Despite these difficulties, we’ve been classifying organisms throughout the history of human thought, from Aristotle’s division between plants and animals to modern scientific nomenclature. The modern classification system is based on grouping organisms into units called ‘species’; species, in turn, group together into a larger units called genus, family, order, and so on through the nested hierarchy of life. What make a species, though? Why should a particular group of organisms be thought of as a unit and given a distinct name? How do we decide which organisms make up a species?
Read the rest over at Accumulating Glitches…
Angelina Jolie, biology, DNA, Education, Full genome sequencing, Genetic testing, Genome, genomics, Genotyping, Health, Human, People, Popular science, relatedness, science, science and society, Science in Society
Fifteen years ago it was the stuff of science fiction. Now, you can just swab your cheek, send it to a company and, for only a few hundred euros, have your DNA analyzed. You’ll find out about your ancestry and your predisposition towards certain inherited diseases or conditions (from cancer and diabetes to myopia). You’ll also learn if you’re a ‘carrier’ — that is, if you’re carrying a gene that won’t affect you but might affect your children. You can even get information about more light-hearted issues like whether you’re likely to have fast- or slow-twitch muscles or your ability to taste certain bitter flavours. The technology is pretty great, but it also raises some interesting questions which I thought would be worth discussing (especially since I really enjoyed our previous discussion). Continue reading
Last year, I wrote about how some ants can find their way home after finding food. They have the remarkable ability to account for all the twists and turns they made while foraging and calculate a direct path leading straight back to their nest. A reader emailed to ask if I thought humans would ever be able to do something similar or to achieve the level of co-ordination shown by ants. This post is based on my reply, where I pointed out several things that humans are amazingly good at doing — in fact, we do them so well and with such ease that you might be surprised by how difficult they actually are! I’ve spent a lot of time on Inspiring Science talking about behaviours and abilities which show that other animals aren’t just simple automata because I think it’s important to make the point that although humans are unique, we aren’t special; we’re just another species with our own particular tricks for surviving in this world. I’ll take a different tack in this post and talk about some of the ways we stand out! Continue reading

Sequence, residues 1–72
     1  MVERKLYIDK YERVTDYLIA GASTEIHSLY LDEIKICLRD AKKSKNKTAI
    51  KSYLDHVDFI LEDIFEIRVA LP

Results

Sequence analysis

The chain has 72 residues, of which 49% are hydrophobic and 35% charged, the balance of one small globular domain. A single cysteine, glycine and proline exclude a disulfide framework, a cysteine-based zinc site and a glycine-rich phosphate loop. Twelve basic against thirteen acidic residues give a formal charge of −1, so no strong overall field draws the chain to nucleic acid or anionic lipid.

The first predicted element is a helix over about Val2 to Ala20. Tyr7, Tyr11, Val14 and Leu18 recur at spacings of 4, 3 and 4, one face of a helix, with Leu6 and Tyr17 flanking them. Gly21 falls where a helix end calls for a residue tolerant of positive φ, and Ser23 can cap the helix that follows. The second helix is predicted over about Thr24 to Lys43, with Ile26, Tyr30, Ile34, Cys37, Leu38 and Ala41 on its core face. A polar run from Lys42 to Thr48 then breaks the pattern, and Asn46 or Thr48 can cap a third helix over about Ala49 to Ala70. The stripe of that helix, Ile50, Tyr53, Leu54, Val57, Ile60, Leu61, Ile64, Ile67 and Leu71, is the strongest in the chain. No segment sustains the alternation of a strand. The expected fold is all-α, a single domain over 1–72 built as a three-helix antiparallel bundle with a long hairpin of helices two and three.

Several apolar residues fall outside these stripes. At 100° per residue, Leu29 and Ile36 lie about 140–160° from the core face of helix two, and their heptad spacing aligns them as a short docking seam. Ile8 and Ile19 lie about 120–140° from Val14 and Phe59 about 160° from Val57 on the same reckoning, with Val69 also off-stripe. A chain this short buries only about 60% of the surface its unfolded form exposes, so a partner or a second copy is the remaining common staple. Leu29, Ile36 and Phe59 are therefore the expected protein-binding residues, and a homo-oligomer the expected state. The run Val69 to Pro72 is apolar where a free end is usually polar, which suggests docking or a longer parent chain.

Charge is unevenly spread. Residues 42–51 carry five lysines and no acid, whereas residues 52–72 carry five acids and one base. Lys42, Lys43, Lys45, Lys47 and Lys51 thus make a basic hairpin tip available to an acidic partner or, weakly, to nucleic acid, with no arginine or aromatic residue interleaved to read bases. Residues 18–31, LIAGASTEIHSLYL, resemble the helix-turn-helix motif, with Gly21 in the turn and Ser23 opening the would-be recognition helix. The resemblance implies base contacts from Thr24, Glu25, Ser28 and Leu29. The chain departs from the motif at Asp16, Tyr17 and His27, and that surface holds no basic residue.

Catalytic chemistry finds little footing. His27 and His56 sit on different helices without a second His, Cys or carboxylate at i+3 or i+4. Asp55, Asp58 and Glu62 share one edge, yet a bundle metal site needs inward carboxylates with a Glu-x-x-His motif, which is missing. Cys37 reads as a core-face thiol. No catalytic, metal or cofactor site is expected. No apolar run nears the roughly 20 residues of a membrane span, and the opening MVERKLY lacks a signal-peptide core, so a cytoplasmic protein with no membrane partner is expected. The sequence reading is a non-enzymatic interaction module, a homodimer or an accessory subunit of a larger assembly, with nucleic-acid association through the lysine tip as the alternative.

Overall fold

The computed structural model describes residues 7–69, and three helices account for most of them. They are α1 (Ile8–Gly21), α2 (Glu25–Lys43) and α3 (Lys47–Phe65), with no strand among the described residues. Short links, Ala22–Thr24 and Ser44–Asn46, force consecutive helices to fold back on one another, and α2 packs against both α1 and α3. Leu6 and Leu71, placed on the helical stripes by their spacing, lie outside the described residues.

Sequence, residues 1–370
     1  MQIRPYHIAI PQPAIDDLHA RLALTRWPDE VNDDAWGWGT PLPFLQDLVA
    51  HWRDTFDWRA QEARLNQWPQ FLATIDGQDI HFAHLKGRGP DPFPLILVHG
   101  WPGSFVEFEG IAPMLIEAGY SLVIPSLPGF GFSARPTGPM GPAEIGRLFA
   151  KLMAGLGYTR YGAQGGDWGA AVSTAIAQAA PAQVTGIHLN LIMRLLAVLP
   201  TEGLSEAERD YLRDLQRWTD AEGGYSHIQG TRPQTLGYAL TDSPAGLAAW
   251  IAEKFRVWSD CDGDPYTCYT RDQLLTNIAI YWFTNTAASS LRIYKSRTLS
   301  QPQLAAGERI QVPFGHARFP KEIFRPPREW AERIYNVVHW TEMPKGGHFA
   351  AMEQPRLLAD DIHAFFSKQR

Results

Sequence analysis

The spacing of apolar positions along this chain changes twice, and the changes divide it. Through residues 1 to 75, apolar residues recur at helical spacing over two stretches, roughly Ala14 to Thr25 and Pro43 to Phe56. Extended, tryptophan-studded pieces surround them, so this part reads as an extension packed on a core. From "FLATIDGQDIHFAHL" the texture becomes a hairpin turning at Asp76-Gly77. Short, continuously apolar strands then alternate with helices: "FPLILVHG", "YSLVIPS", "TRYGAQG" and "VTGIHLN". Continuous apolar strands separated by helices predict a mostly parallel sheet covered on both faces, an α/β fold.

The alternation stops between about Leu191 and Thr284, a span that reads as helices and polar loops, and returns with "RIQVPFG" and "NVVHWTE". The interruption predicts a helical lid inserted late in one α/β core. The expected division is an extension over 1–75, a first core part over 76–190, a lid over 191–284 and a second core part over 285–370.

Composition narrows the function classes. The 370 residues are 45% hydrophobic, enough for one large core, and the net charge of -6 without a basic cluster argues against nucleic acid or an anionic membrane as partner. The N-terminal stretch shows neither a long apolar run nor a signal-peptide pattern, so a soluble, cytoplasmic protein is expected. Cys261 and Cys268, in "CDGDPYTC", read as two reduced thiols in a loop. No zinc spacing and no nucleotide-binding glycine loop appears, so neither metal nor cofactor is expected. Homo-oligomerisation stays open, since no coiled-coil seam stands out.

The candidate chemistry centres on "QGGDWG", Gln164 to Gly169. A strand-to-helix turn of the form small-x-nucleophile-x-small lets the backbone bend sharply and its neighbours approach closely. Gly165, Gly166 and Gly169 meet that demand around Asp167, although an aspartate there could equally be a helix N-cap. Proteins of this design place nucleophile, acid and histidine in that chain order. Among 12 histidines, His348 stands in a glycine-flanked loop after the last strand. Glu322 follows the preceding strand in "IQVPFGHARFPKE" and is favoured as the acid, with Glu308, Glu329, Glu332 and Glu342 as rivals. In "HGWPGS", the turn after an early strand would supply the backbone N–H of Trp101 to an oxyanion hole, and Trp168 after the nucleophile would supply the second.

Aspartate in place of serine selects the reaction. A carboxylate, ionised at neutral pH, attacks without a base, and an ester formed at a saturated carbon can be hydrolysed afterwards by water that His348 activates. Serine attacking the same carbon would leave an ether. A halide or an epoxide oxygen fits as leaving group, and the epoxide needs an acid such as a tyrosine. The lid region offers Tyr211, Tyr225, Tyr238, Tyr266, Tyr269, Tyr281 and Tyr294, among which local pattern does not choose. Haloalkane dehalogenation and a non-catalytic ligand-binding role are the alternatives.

The world of parasites is full of incredible tales of manipulation and mind-control as these creatures twist their hosts to their needs. Ever since I first heard of parasitoid wasps, I’ve been drawn to them by a delicious mixture of schadenfreude and intellectual fascination. (Technically, parasitoids are slightly different from parasites, but that’s not important right now.) Some of the examples of manipulation by parasitoid wasps are just wonderfully, horribly macabre. I briefly mentioned the emerald cockroach wasp in a previous post; this time I’ll give a few other examples and explain the emerald wasp more thoroughly. Hopefully I’ll manage to share some of my excitement about these amazing creatures, which made Darwin once write: “I cannot persuade myself that a beneficent and omnipotent God would have designedly created the Ichneumonidae [a group of parasitoid wasps] with the express intention of their feeding within the living bodies of caterpillars, or the cat should play with mice.”